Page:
The third challenge - the need for adequate human resources - has been largely ignored. There are fewer than 25 geriatric clinicians in all of sub-Saharan Africa, and in most of the region's countries there are none. In many sub-Saharan African countries, medical schools do not offer courses in geriatrics. Clinicians in HIV service organizations typically do not receive ongoing education about the complexity of HIV in older patients.

One of the great achievements in the organization of the HIV response has been the definition of, training for, and large-scale implementation of appropriate ways of shifting clinical tasks from medical experts to nonphysician clinicians and even lay health workers and patients. Given current shortages in the health workforce in many developing countries, it seems likely that managing chronic diseases in HIV-infected patients will require similar approaches. Task shifting in the provision of clinical services such as hypertension screening, monitoring of adherence to cardiovascular drugs, tobacco cessation programs, and cancer support groups can be a first step while infrastructure is built. However, task shifting is not a long-term solution to aging-related care. Training and recruiting specialist nonphysician clinicians with expertise in geriatrics will be necessary and require the involvement of medical colleges and support from international funding bodies.

Rehabilitation services, including physical therapy, occupational therapy, and mobility aids, will also present an important challenge for HIV service providers. Building rehabilitation infrastructure will require innovative strategies such as turning to resources and talent in the affected communities. For example, makeshift mobility or rehabilitative aids constructed from locally sourced materials could benefit patients when standard equipment is unavailable or in short supply. Even such small advances can have a large positive impact on communities.

Finally, older adults with HIV face a number of distinct clinical challenges, including slower immunologic recovery with ART than is observed in younger populations. According to emerging evidence on survival, patients 50 years of age or older who are receiving ART are 30% (95% confidence interval, 19 to 40) more likely than younger adults to die prematurely within 4 years after beginning treatment.4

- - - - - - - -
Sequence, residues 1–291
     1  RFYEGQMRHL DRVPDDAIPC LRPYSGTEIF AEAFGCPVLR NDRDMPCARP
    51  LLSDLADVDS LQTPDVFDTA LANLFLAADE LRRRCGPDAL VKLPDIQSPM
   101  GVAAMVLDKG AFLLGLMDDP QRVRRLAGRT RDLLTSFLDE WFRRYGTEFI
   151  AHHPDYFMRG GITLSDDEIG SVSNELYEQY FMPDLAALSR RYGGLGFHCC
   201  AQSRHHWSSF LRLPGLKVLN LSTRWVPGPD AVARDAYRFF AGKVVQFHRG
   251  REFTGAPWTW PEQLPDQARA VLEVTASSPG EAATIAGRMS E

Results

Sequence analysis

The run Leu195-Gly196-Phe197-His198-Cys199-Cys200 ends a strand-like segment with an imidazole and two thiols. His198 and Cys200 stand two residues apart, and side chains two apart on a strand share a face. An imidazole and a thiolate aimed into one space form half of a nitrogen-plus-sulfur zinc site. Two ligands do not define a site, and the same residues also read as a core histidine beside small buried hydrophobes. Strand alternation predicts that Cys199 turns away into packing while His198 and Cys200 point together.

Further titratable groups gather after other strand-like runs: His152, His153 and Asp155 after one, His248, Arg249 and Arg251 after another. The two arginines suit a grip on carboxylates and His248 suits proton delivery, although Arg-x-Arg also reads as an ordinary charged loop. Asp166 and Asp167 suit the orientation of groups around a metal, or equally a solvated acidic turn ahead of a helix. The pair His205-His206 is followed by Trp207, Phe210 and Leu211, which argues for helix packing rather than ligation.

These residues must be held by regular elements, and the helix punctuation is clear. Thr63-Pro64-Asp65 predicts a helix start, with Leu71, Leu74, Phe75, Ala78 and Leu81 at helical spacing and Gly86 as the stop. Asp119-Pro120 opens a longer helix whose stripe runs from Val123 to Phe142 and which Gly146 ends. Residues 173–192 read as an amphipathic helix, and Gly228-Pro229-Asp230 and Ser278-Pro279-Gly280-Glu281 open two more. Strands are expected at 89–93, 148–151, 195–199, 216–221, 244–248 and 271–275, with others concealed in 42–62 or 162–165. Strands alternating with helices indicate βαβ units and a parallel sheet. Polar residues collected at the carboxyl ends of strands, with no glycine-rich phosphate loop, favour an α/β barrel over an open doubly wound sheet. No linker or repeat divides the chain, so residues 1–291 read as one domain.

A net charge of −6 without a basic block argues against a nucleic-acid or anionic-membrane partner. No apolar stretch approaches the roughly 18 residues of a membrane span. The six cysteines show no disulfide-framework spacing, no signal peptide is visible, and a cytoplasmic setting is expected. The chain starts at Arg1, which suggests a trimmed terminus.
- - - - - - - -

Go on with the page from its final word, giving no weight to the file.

The reasons for poor survival in this population are not well understood. Insufficient attention has been given to clinical challenges of adherence, drug interactions, and toxicities when older HIV-infected patients are receiving multiple treatments for various conditions such as tuberculosis. These challenges are exacerbated by poor nutrition, high rates of poverty, and the social demands on older adults in many communities in developing countries.

Yet services for HIV-infected patients cannot be provided without also considering the needs of HIV-negative patients with aging-associated diseases. Although there is currently international attention focused on noncommunicable diseases, the level of commitment for treating these conditions is limited. The principles of the HIV-AIDS response - test, treat, retain, adhere, and simplify care - can be useful in addressing aging-associated diseases in Africa.

U.S. Secretary of State Hillary Clinton has called on the world to commit greater treatment and preventive resources in the hope of ushering in an "AIDS-free generation." This is indeed a laudable goal, yet we must also care for the millions of already-infected people struggling to obtain and cope with long-term ART while dealing with coexisting conditions. Recent modeling using South African data suggests that HIV prevalence among people older than 50 years of age will nearly double in the next 30 years, and the absolute number of similarly aged HIV-infected patients will triple in the same period.5 The development of programs for aging HIV-infected populations in developing countries will thus be a critical medical and public health challenge in the near future. How it is addressed may well decide the long-term success of the global ART scale-up, one of the largest public health interventions in history.